Health Ministry wants the book thrown at hospital brawlers
THE PUBLIC Health Ministry has clearly run out of patience and wants a zero-tolerance approach to unruly invaders raiding its hospitals and causing violence.
This year, as many as 11 physical attacks have erupted at state hospitals in various provinces. In the latest incident, a patient receiving treatment at an emergency ward at an Ubon Ratchathani Hospital had his face sliced with a cleaver when his rival forced his way in.
That incident, which occurred on May 19, appears to have been the last straw.
An informed source has revealed that the Public Health Ministry’s permanent secretary, Dr Sukhum Karnchanapimai, on May 24 issued a letter to all provincial governors informing them that they should ensure that perpetrators of violence at state hospitals face legal action.
The letter emphasised that state hospitals must file a complaint with police against all instigators of violence.
The letter even detailed the legal clauses that can be used against the wrongdoers.
Under Article 364 of the Criminal Code, for example, a raid using violence or the threat of violence is a crime. Damaging public property is also a legal offence under Article 360.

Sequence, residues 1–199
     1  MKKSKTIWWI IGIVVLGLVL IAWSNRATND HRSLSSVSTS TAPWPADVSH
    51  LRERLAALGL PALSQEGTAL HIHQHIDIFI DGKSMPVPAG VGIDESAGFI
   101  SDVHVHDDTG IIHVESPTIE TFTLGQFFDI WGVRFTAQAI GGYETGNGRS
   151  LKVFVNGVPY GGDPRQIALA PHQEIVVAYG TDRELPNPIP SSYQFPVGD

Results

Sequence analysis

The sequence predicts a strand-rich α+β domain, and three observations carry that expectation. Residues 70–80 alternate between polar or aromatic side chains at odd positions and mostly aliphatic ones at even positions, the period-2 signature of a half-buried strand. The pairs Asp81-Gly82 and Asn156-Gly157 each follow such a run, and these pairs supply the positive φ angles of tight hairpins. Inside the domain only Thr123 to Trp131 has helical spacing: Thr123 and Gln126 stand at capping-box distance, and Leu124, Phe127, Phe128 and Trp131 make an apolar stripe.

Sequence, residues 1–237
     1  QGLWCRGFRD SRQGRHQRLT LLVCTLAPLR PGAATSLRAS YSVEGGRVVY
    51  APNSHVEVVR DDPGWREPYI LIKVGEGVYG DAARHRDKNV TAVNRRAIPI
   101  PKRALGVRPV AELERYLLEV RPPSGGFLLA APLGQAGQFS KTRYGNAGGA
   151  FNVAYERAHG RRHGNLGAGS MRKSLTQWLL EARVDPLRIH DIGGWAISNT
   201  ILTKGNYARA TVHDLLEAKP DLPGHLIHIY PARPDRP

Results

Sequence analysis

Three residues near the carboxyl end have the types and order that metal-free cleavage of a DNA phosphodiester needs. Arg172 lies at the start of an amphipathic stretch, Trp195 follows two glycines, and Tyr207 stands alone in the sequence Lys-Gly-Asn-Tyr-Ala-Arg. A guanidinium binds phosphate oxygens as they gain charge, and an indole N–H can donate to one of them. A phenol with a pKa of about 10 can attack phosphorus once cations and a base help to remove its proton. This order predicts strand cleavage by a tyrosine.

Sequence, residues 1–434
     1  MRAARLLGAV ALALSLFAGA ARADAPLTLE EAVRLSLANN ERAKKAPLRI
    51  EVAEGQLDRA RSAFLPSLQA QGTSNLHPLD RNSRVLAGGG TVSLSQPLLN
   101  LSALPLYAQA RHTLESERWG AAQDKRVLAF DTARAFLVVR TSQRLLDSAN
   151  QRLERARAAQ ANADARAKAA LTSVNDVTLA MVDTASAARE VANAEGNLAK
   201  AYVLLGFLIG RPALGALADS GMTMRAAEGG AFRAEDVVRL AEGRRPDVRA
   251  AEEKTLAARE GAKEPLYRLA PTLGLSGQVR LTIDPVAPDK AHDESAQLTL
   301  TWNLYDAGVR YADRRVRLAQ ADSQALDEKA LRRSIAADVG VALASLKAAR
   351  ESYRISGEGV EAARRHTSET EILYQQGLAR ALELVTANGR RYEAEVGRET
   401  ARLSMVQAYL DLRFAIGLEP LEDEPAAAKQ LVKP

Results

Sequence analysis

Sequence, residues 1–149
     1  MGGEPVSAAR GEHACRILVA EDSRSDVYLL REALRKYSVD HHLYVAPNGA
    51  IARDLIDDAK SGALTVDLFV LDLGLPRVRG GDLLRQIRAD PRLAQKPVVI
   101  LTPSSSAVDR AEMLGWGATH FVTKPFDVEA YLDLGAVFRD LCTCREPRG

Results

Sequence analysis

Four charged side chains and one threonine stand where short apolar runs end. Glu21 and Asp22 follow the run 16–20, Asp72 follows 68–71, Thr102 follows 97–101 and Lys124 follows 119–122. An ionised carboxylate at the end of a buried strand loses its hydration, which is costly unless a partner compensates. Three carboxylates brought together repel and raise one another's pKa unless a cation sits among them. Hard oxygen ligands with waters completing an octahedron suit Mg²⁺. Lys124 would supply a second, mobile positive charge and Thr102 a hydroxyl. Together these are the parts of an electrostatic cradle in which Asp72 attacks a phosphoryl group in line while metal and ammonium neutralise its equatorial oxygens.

“Brawling at state hospitals scares patients, threatens hospital staff, and causes damage to state property,” reads one part of the letter, as it underlined the need to take legal action.
In the past, violent incidents at state hospitals were almost unheard of. But in recent months, several reports of physical attacks have made it into the media to the dismay of the public and authorities.
Statistics show 51 violent incidents occurred at state hospitals under the Public Health Ministry’s supervision between 2012 and 2019.
Of them, 18 were brawls among non-staff and 19 others were attacks against hospital officials. There was one deliberate attack on hospital property.
The violence caused 10 deaths, including three public-health officials. Violent incidents at state hospitals injured another 56 victims, 13 of whom were public-health officials.
By year, there was one violent incident in 2012 and 2014, and none in 2013. The number of violent incidents at state hospitals quickly ramped up from four in 2016, to 10 in 2017, and 17 in 2018.
The upward trajectory of violent attacks seems set to continue, with at least 11 cases reported so far this year, prompting the Public Health Ministry to take a clear stance to bring instigators of violence to court.